Hiking the Appalachian Trail

One of my goals coming to Virginia was to hike a portion of the Appalachian Trail through Shenandoah National Park. The AT begins in Georgia and ends in Maine, crossing 14 states and approximately 2,200 miles. To hike the entire length of the trail takes anywhere between five to seven months.


Getting ready to hike the AT!

Growing up in Texas, I didn’t really climb anything higher than the dirt hill down the street, so being able haul myself up to altitudes of several thousand feet was exhilarating.


Before making it to the AT, Sue (my supervisor) and I climbed Old Rag Mountain, which was also my first rock scramble. It was a challenge mainly because I have a terrible fear of falling. I used to get nauseous just climbing a staircase to the second floor. At one point, we had to jump over a steep gap, and I almost couldn’t do it.


Finally, after several moments of shaking (and one dropped cell phone) I remembered my Cuban friend Riska’s words to “vencer el miedo” (vanquish the fear) and jumped. And of course nothing happened because it wasn’t that wide, and I was being ridiculous. Sue had already jumped without even thinking ages ago. We climbed through small crevices and I felt like I was going to have a 127-hour moment when my arm got stuck in narrow gap…

But we made it through.


We did about 10 miles at Old Rag, and on Earth Day, returned to Shenandoah to hike a small portion of the AT.


The AT is beautifully maintained in Virginia and runs almost parallel to Skyline Drive, a scenic highway that goes through Shenandoah.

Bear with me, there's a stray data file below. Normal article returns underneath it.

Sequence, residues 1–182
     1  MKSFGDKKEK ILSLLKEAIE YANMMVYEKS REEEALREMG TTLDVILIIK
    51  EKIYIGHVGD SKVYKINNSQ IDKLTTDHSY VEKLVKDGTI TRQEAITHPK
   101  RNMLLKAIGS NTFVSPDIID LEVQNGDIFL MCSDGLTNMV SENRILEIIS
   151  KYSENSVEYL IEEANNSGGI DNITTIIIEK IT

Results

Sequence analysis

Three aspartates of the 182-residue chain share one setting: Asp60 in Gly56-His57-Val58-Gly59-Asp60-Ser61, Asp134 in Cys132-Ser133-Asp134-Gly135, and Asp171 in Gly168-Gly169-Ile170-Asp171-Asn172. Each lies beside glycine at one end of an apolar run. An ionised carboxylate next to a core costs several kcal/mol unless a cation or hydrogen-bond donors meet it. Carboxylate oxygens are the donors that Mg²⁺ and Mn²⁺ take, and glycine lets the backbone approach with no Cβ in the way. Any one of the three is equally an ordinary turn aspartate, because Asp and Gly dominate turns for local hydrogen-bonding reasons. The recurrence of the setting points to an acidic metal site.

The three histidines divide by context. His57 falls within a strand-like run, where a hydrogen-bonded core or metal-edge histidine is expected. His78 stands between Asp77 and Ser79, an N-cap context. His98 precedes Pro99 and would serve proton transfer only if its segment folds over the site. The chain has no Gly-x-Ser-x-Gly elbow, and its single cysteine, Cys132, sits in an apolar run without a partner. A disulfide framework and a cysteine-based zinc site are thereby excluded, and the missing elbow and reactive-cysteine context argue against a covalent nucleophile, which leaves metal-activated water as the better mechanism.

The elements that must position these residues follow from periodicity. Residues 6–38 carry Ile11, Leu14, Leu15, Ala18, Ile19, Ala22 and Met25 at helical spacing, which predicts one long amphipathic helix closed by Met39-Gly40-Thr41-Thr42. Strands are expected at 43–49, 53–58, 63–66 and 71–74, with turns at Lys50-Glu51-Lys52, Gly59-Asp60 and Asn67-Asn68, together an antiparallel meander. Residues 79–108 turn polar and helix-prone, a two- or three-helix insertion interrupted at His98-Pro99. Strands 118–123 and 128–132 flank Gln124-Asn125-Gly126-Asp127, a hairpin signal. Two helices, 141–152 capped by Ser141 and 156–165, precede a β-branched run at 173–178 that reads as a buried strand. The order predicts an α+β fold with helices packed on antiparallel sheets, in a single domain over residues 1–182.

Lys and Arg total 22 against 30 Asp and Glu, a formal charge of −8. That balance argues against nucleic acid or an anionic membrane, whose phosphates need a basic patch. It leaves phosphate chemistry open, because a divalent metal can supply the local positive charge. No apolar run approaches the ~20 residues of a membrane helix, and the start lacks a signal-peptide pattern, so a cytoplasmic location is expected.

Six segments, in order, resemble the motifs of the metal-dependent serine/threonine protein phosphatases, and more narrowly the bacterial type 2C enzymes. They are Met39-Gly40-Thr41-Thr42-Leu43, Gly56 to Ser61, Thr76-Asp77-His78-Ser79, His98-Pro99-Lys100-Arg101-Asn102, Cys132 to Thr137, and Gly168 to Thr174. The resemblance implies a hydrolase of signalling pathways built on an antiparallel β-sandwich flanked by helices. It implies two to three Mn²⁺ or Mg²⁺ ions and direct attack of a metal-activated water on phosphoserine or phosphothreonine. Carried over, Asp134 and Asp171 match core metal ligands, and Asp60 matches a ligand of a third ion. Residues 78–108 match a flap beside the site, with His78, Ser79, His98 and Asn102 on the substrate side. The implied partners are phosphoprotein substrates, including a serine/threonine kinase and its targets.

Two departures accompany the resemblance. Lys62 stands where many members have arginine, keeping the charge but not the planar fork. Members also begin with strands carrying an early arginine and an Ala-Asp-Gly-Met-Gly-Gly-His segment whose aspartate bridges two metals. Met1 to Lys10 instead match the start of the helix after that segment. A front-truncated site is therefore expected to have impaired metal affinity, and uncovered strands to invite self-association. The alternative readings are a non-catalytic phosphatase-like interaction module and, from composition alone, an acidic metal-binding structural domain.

We climbed to the tallest peak in the park, Hawksbill Summit, which after Old Rag was a cake walk and met a group of hikers from the James River Meetup in Richmond.



After Hawksbill, the rain moved in but we continued on to Hightop Summit to hike a little more of the AT.  This was a moderate hike but felt steeper than before. We stopped in to visit the Hightop Hut, a shelter for thru-hikers who are walking the trail from Georgia to Maine.


We found the log book and read hilarious and inspiring descriptions from other hikers who’d stayed there. Apparently there was a group of boy scouts hiding out from the cops in the Hut. (or at least that’s what two of the scouts: Killerz and Fishy told us in the book) One man wrote he was about to finish the Appalachian Trail after 30 years of section-hiking. Sue and I wrote our own little entries and went on.


We made it to Hightop Summit, the highest peak in the southern section of the park just as the rain was rolling in. The view was absolutely glorious over the Blue Ridge Mountains, purple and gray hues touched the green farmland below, and we could see the storm forming as massive black clouds moved in to the left.


Being able to visit our national parks has been one of my greatest joys while traveling. Today, on Earth Day, I’m interested to know what’s being done to protect and preserve these natural wonders so my children and grandchildren can enjoy these experiences.

I may not be a thru-hiker yet, but after my first taste of the AT, I’m definitely hungry for more.

Five miles down. 2195 miles to go.



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